Now, my schedule and job description don't have me on the road nearly as much as the folks I've named above, and perhaps that's part of the issue here. Perhaps I haven't sat in enough press rooms, getting condescended to by NASCAR brass or disrespected by drivers. Perhaps I haven't gotten ground down by the punishing schedule that has you on the road four to five days a week, 30-plus weeks a year.
Still, there's a reason we all went into sportswriting and not, say, insurance sales. (No offense, insurance salespeople.) There's a rush you get being one of the first people to arrive at the track on raceday morning, the haze of campfire smoke and anticipation in the air. It's bookended by the rush you get by being one of the last to leave at night, the engines of the haulers echoing off the empty grandstands as they line up to head back to North Carolina.
Look, I get it. Heaven knows racedays can be overwhelming with interviews and analysis and chasing down sources and transcribing quotes and Trying To Make Sense Of It All on a deadline that passed half an hour ago, but on every track visit, I try to take a few minutes and soak in things from the fan's perspective. (Yes, this sometimes involves me walking up to Kyle Busch's car and asking my Twitter followers what I should do to sabotage it, but hey.)
And that's why it drives me insane when anyone who's in a position of privilege at a track — media, administration, teams, track officials — takes the day for granted. I was in the press room at Daytona a few years back when the call came over the intercom that NASCAR would be giving track ridearounds the next morning, but you had to be back at 7 a.m. "Not a chance," grumbled a couple old-line media types. But here's the thing: You know how many of the 200,000-plus in attendance the next day would've gotten up early to take a spin around Daytona?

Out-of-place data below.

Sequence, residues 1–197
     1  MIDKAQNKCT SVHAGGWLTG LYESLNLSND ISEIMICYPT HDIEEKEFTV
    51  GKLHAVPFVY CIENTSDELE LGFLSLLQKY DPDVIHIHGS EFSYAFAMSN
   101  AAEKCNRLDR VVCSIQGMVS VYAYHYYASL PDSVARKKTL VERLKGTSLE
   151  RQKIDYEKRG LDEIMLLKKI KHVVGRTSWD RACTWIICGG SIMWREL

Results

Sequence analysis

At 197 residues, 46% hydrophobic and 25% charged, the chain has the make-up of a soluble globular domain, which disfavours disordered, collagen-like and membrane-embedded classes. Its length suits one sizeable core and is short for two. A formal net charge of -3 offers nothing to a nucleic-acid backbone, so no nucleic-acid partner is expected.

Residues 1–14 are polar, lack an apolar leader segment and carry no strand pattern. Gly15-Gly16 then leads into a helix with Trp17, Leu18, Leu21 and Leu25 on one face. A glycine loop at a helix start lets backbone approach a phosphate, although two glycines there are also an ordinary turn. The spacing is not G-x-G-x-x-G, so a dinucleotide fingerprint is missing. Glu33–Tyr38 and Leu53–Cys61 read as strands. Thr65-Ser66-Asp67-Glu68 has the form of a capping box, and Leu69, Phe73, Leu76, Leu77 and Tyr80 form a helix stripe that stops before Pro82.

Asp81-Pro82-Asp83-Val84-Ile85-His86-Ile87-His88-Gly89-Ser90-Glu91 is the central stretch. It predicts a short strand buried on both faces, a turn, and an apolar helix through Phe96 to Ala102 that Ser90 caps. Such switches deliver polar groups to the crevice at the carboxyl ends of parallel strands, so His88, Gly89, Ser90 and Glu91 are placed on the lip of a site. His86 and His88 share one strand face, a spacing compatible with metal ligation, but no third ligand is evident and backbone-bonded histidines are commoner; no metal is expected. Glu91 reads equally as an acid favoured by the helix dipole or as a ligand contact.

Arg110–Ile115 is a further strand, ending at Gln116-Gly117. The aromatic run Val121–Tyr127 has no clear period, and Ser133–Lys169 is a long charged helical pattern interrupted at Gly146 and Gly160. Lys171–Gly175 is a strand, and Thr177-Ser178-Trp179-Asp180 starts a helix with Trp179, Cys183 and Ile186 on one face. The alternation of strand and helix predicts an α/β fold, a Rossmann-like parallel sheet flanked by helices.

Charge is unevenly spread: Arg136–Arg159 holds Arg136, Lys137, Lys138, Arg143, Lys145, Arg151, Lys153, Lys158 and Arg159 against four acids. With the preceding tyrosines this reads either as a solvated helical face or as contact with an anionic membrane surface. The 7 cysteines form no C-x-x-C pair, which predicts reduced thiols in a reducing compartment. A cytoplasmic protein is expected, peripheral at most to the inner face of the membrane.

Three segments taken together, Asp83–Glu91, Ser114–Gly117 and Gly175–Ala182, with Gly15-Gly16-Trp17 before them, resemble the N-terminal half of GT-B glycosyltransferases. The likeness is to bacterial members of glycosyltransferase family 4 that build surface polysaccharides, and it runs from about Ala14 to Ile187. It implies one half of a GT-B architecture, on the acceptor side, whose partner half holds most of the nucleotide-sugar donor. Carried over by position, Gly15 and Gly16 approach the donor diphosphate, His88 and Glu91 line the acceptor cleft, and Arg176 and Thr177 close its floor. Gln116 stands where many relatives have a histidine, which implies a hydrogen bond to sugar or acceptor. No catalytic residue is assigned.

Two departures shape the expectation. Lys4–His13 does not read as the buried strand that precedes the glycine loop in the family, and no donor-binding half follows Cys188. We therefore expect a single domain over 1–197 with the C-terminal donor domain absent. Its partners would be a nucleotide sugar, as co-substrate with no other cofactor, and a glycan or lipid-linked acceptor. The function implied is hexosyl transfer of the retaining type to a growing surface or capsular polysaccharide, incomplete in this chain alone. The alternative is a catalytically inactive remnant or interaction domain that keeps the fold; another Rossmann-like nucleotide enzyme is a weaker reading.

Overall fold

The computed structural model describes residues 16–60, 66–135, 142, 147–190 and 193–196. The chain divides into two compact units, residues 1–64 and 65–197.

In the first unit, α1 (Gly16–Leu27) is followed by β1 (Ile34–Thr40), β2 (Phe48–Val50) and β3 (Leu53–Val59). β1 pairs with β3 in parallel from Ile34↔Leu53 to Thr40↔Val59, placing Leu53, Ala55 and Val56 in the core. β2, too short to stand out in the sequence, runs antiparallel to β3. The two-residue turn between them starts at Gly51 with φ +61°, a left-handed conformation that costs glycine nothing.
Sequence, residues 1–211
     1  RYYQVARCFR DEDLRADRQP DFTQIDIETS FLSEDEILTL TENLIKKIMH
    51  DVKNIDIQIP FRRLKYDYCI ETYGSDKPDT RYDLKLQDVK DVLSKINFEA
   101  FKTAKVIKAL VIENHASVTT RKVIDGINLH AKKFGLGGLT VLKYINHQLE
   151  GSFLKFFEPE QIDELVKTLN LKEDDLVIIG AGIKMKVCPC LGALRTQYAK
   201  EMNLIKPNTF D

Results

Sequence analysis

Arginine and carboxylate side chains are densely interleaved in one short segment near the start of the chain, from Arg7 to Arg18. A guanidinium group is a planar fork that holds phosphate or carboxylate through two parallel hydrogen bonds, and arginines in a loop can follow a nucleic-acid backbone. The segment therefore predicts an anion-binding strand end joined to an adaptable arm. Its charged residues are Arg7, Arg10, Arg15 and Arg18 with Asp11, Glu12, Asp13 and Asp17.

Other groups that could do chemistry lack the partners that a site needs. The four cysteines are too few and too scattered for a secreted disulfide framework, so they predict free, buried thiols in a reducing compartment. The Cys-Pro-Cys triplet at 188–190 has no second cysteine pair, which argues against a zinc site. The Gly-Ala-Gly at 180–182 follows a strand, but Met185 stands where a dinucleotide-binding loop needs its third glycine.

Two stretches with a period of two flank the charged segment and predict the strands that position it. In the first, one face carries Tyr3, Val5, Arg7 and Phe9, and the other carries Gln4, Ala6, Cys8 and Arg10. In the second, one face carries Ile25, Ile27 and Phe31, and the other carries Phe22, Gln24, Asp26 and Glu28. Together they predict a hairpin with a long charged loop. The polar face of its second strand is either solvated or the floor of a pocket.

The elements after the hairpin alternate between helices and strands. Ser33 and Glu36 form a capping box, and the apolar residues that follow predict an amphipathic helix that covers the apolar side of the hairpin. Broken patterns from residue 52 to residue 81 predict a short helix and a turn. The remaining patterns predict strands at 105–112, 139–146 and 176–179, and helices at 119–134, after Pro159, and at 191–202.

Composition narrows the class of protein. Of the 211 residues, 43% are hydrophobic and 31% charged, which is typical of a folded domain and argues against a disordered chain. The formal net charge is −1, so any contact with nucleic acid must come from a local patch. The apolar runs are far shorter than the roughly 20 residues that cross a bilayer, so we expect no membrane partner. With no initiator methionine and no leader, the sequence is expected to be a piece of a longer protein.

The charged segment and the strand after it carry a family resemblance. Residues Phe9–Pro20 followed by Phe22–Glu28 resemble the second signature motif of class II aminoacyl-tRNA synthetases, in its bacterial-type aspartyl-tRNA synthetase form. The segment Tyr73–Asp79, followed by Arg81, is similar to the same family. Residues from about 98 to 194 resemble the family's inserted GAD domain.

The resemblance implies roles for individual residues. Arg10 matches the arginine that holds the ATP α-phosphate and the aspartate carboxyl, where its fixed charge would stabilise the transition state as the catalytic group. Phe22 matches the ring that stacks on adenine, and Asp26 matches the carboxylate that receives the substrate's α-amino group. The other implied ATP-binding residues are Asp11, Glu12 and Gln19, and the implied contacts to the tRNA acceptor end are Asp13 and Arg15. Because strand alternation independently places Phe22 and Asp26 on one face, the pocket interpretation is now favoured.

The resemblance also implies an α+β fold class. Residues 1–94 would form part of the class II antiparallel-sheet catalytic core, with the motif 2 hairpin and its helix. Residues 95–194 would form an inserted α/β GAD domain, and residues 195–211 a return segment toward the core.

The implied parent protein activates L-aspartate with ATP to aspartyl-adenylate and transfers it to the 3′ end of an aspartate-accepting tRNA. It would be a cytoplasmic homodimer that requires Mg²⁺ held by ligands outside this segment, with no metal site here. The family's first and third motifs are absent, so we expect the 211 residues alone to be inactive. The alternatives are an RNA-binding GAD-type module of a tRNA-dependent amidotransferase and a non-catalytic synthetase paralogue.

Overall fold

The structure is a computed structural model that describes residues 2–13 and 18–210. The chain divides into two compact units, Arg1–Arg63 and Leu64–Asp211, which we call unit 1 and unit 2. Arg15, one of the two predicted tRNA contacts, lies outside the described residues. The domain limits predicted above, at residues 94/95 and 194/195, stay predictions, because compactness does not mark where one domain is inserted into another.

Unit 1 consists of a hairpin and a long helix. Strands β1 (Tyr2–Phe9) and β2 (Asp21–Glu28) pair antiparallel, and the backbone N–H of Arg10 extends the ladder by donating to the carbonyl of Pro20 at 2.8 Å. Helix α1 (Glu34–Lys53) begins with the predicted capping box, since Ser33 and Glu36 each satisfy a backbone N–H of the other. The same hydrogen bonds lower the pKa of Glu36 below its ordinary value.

Every. Single. One. Of. Them.
Perspective, people. Try to hold onto it.
Now, don't get me wrong — this is not at all to say we should lap up whatever pablum NASCAR or the broadcasters spoonfeed us and present it to you as "news." As Gluck and Dutton pointed out, we have an obligation to portray the sport as it is, not as we'd like it to be. If the "changes" and "modifications" and "modernizations" NASCAR happily trots out seem shortsighted or misguided or just plain stupid, we owe it to our readers to draw on our years of perspective to say why. That's not mindless criticism, that's honesty backed by knowledge.
And McReynolds and the higher-ups in NASCAR and its broadcast partners are by no means without fault here. Demonizing the media, as was done so often last year, is a time-honored trick for politicians to get in good with the masses. It plays well with the fans in the grandstands if you can point to those cats behind glass in the press box and paint them as out-of-touch negativists. Saves you from having to answer uncomfortable questions if you've painted the people asking those questions as The Enemy.
Still, there's a middle ground here, one that critics of the media would do well to understand. It's possible to call out a sport while still loving it; it's possible to expose flaws not for the sake of muckraking or pageviews, but because you'd like to see those flaws corrected for the long-term health of the sport.
We all want the same thing here. If NASCAR succeeds, everyone benefits, right? Rather than pointing fingers at each other and away from ourselves, why not relax and understand that what connects us is far stronger than what separates us? That way we can all focus on our real enemy ...
... the NFL. Those guys are the worst, am I right?
Follow Jay Busbee on Twitter at @jaybusbee.